01/02/11 — A new year, a new America

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A new year, a new America

The Times Square ball has fallen, the champagne corks have popped and the confetti has been put away for another year.

And now, it is 2011.

And with the dawning of any new year comes the need to look ahead, to make plans and to decide what we want to change in the year ahead.

And there is a lot for Americans to think about in 2011.

This is the year we do something about the economy and jobs. We are going to need to hold every Congressman, senator and presidential appointee's feet to the fire and refuse to accept easy answers and temporary solutions.

We need meaningful decisions and brave actions. We need thoughtful analysis and leadership.

This is also the year that we shore up the shaggy details of our Middle East policy. We need to make a commitment right now that we are going to finish what we started in Afghanistan and Iraq and that we are going to be tough on anyone who aligns themselves with our enemies. We are going to need to give our troops the support and supplies they need -- and we are going to need to let those who harbor terrorists know, we are strong and we mean business.

No more touchy, feely diplomacy. The strong, confident and principled United States is back -- and ready to get the job of protecting this country done right. At least, that should be our goal for 2011.

This is the year that our image around the world should be less important than the message we send to those who have put a target on our back. We should still try to win the hearts and minds of the Afghan and Iraqi people, but we should no longer accept the derision of a world that does not have the gumption to protect anyone, but sure is able to critique our efforts to do so.

No more apologies, not in 2011.

And then there are the domestic issues.

We need to talk about health care in 2011 -- and to repeal the law that was passed this past year. Then, we need to sit down and come up with meaningful health care reform. And this time, we absolutely must insist that anyone who votes on the measure has read it.

And that is another resolution for the newly dawned new year. We need to rid ourselves of anyone who has decided that public office is a cash cow that does not require serious effort or interest. We need to make longtime, career politicians earn their salaries this year -- and get rid of anyone who is taking advantage of the system for his or her own gain.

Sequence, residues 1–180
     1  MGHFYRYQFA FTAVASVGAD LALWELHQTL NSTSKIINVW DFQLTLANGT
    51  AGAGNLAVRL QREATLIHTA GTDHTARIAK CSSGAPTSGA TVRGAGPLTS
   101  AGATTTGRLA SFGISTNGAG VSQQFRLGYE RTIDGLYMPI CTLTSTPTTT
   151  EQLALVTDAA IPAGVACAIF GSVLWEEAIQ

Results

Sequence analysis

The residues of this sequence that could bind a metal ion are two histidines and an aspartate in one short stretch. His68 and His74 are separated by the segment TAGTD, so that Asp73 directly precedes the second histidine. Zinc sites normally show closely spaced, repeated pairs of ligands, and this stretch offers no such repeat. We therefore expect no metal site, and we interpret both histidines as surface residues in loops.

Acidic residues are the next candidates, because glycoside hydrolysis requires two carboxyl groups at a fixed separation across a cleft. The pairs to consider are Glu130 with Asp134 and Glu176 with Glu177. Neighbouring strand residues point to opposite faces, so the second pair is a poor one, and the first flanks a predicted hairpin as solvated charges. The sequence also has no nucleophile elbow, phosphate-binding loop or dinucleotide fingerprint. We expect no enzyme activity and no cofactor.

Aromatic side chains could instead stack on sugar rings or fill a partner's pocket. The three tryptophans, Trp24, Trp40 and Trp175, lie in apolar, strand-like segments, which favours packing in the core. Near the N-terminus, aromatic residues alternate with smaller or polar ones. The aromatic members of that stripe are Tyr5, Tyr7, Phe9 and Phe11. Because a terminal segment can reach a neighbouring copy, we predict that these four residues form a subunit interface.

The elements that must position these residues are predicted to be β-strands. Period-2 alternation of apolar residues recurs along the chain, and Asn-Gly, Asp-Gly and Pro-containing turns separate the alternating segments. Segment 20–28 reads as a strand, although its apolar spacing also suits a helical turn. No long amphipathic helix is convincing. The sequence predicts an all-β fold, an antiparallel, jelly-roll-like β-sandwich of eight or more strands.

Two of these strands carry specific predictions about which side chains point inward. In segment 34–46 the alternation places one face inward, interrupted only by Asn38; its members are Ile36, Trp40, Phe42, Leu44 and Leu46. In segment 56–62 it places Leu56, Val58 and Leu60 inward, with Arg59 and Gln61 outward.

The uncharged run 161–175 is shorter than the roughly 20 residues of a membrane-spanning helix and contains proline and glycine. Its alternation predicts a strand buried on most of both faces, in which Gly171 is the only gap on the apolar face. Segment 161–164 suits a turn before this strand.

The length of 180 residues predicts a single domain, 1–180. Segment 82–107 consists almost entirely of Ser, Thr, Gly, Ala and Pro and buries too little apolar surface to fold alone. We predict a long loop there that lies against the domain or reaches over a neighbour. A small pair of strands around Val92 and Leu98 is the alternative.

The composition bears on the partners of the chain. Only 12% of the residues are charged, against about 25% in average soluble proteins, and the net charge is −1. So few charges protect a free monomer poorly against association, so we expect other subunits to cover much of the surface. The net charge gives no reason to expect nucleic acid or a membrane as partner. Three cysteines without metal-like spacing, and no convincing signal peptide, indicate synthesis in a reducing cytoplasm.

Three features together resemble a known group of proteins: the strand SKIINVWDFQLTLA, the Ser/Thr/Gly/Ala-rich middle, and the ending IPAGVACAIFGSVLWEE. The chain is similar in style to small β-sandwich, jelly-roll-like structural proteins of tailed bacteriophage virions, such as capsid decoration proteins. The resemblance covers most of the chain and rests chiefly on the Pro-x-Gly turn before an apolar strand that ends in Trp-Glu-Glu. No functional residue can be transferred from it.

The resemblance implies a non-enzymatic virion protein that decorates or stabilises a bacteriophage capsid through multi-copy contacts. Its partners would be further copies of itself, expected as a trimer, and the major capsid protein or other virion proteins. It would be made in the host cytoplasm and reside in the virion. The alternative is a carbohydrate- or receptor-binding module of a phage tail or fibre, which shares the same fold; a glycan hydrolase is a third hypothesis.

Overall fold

We do not need hangers-on in 2011. We need leaders. And that holds true for the new crop of representatives and senators, too. We need to make sure that those who are given the honor of serving their constituents do the job they were hired to do.

Education should be a priority in 2011, too. We need to thin out the federal bureaucracy that thrives in this department and put those who remain on a strict mission -- get more American children in the top tier of the world in math and reading and cut the national dropout rate.

No more unfunded mandates that do nothing except cloud the issue, and no more ridiculous policies that do not address the real challenges that schools face. No more sugar-coated, college classroom theories of what it will take to get America's children the education they need. Address the hard issues, like parental responsibility, social promotion and supporting the efforts of children who do not receive any reinforcement of the importance of education at home. We should put money into programs for the gifted, too, and create special schools for those with other talents, so that as many young people as possible can have a chance at the American dream.

This is the year, too, that we should stop expecting teachers to be parents and to demand that parents do their share.

And that leads us to the final, most important goal for this country in 2011.

This should be the year we make personal responsibility our new watchword.

We need to ferret out the cheats, the liars and those who have figured out how to beat the system. This s the year that we demand accountability from those who receive federal assistance and that we make sure that those who need help and deserve help, get it.

It should be the year when we reward those who make the effort to help themselves, and demand the same performance from everyone who receives a check.

This should be the year that we take the first step toward the day when disability and government programs are no longer career goals but become the safety nets they were intended to be.

This is the year we stop the nanny state and create the "pull yourself up by the bootstraps" generation.

The year ahead is going to be full of challenges and possibilities. What kind of year we review in 2012 is really up to us.

This should be the year we demand more and expect more, and set the agenda for the nation we want and deserve.

And this is the year when we should remind ourselves every day that we, the people, control our future.

If we stick to that belief, good times are definitely ahead.

Published in Editorials on January 2, 2011 12:58 AM